And for the first time, some states will require government issued photo-identification cards. Civil rights groups liken that to a poll tax and say it will disenfranchise many minorities and seniors. Supporters of voter identification cards say it protects against fraud.


Other looming concerns include the use of electronic voting machines and having enough trained poll workers to operate them. Several recent reports, including one from the Brennan Center, questioned the reliability and security of the machines.


Critics of electronic voting machines point to Maryland's primary last month in which many voters experienced problems, including not being able to use the equipment. Most problems were due to human error, such as poll workers not having the device to operate the machines, election officials note.


Still, several groups and lawmakers, including some in Maryland, are calling for a paper trail that allows officials to later audit votes. A measure proposed by Holt would provide $150 million to help states retrofit machines to issue printouts verifying a voter's ballot was recorded. Senate Democrats proposed a measure last month to reimburse states for emergency paper ballots in case electronic machines fail.


To help states avert problems, the EAC recently sent election officials a "quick-start guide" to set up voting equipment. And DeGregorio says voters can have confidence in their voting machines.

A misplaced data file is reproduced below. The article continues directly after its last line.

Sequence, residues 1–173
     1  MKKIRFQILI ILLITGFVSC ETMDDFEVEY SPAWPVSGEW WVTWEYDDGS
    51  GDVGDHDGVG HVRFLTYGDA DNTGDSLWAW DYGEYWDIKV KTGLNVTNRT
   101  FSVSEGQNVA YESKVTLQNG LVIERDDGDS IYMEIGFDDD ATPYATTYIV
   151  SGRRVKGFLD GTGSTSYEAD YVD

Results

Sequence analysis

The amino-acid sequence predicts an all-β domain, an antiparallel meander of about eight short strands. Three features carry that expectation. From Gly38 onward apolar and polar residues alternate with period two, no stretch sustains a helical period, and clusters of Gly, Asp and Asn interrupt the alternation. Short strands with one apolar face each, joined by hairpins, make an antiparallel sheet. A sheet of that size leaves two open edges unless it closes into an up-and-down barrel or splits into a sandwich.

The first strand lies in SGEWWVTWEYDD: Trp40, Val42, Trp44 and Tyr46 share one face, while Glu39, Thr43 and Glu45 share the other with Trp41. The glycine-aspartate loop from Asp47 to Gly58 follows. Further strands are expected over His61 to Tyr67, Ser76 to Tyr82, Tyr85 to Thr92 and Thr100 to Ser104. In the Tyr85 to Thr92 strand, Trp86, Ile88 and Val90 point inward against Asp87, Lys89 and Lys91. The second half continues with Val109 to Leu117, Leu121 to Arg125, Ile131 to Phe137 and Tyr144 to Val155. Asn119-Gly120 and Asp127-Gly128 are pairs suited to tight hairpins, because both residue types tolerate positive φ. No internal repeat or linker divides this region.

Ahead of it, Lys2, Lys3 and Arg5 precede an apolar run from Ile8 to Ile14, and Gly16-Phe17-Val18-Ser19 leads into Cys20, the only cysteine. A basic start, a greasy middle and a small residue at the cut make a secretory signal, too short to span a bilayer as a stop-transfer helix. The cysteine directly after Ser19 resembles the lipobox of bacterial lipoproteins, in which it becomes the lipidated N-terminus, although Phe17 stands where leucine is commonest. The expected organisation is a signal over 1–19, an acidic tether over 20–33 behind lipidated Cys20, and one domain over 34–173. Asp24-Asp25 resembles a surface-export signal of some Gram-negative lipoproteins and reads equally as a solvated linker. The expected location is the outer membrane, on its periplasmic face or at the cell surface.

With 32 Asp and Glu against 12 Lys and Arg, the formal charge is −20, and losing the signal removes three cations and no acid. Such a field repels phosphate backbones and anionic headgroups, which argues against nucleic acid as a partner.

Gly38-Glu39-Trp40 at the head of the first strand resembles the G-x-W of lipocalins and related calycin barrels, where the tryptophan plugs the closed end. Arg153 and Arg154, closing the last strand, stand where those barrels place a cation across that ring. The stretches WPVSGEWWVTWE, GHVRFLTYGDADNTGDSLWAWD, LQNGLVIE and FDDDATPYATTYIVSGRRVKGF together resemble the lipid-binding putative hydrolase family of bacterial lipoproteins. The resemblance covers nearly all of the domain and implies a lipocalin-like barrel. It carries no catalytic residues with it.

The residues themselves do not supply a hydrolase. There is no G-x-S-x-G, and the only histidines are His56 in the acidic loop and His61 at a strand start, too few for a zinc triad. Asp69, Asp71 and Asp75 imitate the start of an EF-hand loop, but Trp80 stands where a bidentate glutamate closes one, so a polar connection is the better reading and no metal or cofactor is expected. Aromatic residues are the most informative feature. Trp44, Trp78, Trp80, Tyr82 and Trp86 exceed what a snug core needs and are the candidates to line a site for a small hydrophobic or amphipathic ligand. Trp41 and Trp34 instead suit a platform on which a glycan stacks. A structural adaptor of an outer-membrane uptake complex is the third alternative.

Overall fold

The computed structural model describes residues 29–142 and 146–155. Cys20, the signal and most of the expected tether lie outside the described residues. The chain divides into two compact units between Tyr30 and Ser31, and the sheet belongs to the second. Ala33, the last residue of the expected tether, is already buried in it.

But Carol Waser, a voter and retired family therapist in Washington, D.C., says she's worried about the reliability of electronic voting machines, and whether the nation's election system will fare well.


"Our Democracy," Waser said "is in trouble."


On the Web:, The Election Center,, Brennan Center for Justice,, The Election Assistance Commission.


Voter resources

# The National Association of Secretaries of State recently launched a web site that links voters to registration information offered by many states, including polling sites, voter identification requirements and registration deadlines. It also provides information about becoming a poll worker and links to local election officials.

# Project Vote Smart offers a variety of resources, including information about state and federal candidates. Also call 1-888-Vote-Smart.

# League of Women Voters of the United States links voters to state registration information and state guides.


Also scheduled to start next week is, a site offering polling place locators, voter requirements, tools for overseas voters, state absentee ballot rules, local election official contacts and some candidate information.

#, National Coalition on Black Civic Participation, a nonpartisan group with programs that encourage voter registration and participation, including a focus on engaging black youth.

# Voters encountering problems during early voting or on Election Day can call 866-OUR-VOTE. The hotline begins Oct. 16. The program is operated by a coalition of nonpartisan groups, including the NAACP Legal Defense Fund, the NAACP and Lawyers Committee for Civil Rights Under Law.